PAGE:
Judge, Fox Lawyers Agree: No 'Reasonable Person' Would Believe Tucker Carlson
Tucker Carlson lies about people with great regularity on his show. He makes up all kinds of bizarre motives for everything anyone on the Left does, which I would imagine has nothing at all to do with the days he has surely spent wondering why his mommy left him to go become a bohemian artist far, far away. But on one day, in December of 2018, he accused former Playboy Playmate Karen McDougal of attempting to extort poor Donald Trump, which would have been an actual crime, if true.
McDougal was one of the women who, at great cost to her own reputation, attempted to come forward about having had an affair with Donald Trump back before the 2016 election. As with Stephanie Clifford (aka Stormy Daniels), Michael Cohen and the parent company of the National Enquirer, American Media Inc., paid her $150,000 for "exclusive rights" to her story, which they then never published anything about because it was actually a "catch and kill" scheme to keep her quiet in order to help Trump's campaign.
In Tucker Carlson's interpretation of things, it was an "undisputed" fact that Clifford and McDougal approached Trump and said they would humiliate him and his whole family and just ruin his life if he didn't give them money — and then he arranged to have these total strangers paid off, out of the goodness of his heart or something.
Remember the facts of the story, these are undisputed. Two women [one of whom was McDougal] approached Donald Trump and threatened to ruin his career and humiliate his family if he doesn't give them money. Now that sounds like a classic case of extortion.
Yet for whatever reason, Trump caves to it, and he directs Michael Cohen to pay the ransom. Now, more than two years later, Trump is a felon for doing this. It doesn't seem to make any sense. Oh, but you're not a federal prosecutor on a political mission.
If you were a federal prosecutor on a political mission, you would construe those extortion payments as campaign contributions.
McDougal sued his ass. Or, rather, she sued Fox. Because he accused her of a crime and also of a ridiculous thing like coming to Donald Trump and saying she was going to "ruin his career and humiliate his family" if he didn't give her money, which she says she absolutely did not do and which makes it not, in fact, "an undisputed fact" so much as it is something that happened in Tucker Carlson's dreams.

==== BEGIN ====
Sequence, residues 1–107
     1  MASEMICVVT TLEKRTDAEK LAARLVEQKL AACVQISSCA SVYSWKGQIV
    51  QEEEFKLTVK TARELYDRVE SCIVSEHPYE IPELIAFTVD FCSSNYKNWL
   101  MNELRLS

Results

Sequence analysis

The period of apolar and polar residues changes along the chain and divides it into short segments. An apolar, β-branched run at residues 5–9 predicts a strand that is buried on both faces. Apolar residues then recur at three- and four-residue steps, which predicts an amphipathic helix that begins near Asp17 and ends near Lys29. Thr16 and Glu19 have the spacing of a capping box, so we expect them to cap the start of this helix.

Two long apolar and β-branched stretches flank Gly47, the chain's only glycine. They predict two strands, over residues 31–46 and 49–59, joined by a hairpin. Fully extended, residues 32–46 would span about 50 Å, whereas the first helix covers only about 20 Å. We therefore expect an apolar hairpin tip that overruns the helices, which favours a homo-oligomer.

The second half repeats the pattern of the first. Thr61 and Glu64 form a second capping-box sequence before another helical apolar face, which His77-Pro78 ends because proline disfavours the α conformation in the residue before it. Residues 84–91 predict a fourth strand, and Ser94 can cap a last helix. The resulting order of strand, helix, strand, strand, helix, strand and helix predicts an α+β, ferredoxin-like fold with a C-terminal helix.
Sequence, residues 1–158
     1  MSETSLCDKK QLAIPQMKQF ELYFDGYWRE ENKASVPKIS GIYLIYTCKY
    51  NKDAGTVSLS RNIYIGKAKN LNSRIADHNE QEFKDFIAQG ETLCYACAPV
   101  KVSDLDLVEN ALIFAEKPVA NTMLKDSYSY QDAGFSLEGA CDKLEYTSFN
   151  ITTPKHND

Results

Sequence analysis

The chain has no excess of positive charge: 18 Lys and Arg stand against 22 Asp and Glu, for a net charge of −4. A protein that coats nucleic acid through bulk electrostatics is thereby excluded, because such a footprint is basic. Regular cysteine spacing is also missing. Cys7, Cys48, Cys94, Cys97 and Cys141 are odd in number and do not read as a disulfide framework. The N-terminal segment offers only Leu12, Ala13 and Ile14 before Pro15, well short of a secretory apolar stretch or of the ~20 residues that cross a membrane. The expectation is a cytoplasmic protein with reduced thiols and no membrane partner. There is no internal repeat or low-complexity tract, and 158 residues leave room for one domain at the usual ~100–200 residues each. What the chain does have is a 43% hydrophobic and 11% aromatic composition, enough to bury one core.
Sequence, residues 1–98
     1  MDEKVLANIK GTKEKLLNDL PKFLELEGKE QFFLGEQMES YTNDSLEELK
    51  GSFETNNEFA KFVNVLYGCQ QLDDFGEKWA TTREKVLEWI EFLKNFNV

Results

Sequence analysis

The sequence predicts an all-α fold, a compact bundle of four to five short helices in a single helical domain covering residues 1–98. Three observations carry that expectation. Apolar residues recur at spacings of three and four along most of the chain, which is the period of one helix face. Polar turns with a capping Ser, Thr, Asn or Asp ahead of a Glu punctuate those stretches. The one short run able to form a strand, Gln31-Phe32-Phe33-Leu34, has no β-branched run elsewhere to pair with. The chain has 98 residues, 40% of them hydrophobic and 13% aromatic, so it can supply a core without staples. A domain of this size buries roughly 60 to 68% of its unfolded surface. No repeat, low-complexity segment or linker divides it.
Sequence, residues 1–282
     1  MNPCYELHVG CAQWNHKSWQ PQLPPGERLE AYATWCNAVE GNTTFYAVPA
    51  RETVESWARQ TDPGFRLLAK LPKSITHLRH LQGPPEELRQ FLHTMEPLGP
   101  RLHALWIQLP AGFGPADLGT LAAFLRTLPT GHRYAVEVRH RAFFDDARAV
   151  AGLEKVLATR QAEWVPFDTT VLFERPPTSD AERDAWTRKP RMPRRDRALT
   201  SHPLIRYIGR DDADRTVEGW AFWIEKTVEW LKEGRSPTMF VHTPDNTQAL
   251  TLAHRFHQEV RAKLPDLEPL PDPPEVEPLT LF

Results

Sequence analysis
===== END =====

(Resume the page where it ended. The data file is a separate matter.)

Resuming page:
Alas, US District Court Judge Mary Kay Vyskocil — why yes, she is a Trump appointee — has thrown the suit out, because no "reasonable viewer" would believe anything coming out of Carlson's mouth — a point that was actually argued by the lawyers representing Fox.
Fox persuasively argues [...] that given Mr. Carlson's reputation, any reasonable viewer "arrive[s] with an appropriate amount of skepticism" about the statements he makes.
Whether the Court frames Mr. Carlson's statements as "exaggeration," "non-literal commentary," or simply bloviating for his audience, the conclusion remains the same—the statements are not actionable. This interpretation of the segment is bolstered by the disclaimer Mr. Carlson made at the outset of his monologue. [...]
Fox News has convincingly argued that Mr. Carlson was motivated to speak about a timely political cause and that, in this context, it is clear that his charge of "extortion" should not be interpreted as an accusation of an actual crime. Plaintiff's interpretation of Mr. Carlson's accusations is strained and, the Court finds, not reasonable when the entire segment is viewed in context. It is true that Mr. Carlson added color to his unsubstantiated rhetorical claim of extortion when he narrated that Ms. McDougal "approached" Mr. Trump and threatened his career and family. But this overheated rhetoric is precisely the kind of pitched commentary that one expects when tuning in to talk shows like Tucker Carlson Tonight, with pundits debating the latest political controversies.
First of all, there are no reasonable viewers of Tucker Carlson's show. Certainly, there are none "with an appropriate amount of skepticism" about what he says. If he says it, it is gospel and the only person allowed to override him is Trump. Second, as McDougal pointed out in her response, "I believe reporting something you know is a lie as 'news' or 'undisputed facts' is the very definition of malicious."
I'm not really clear on how claiming that McDougal and Clifford personally approached and threatened Trump is simply adding "color," particularly when one claims it is an "undisputed fact." Is Judge Vyskocil suggesting that because Tucker Carlson is given to "overheated rhetoric" and "pitched commentary" and "non-literal commentary" he can say anything is an "undisputed fact" and it's fine? Does that mean I can say anything is a fact and it's fine? I feel like it should not!
For the record, I also do not believe that I should be able to say that it is an "undisputed fact" that Tucker Carlson is a serial killer with a whole room full of dolls made from parts of people he murdered. Or that he is a double agent trying to get conservatives to be as excruciatingly terrible as possible so as to grease the wheels for a socialist revolution, historical materialism-style? I don't think I should get to say that anything is an undisputed fact unless no one is disputing it, particularly when it's something that could hurt another person.
But hey, I guess that's why Fox has yet to give me my own nightly television program.
Robyn Pennacchia is a brilliant, fabulously talented and visually stunning angel of a human being, who shrugged off what she is pretty sure would have been a Tony Award-winning career in musical theater in order to write about stuff on the internet. Follow her on Twitter at @RobynElyse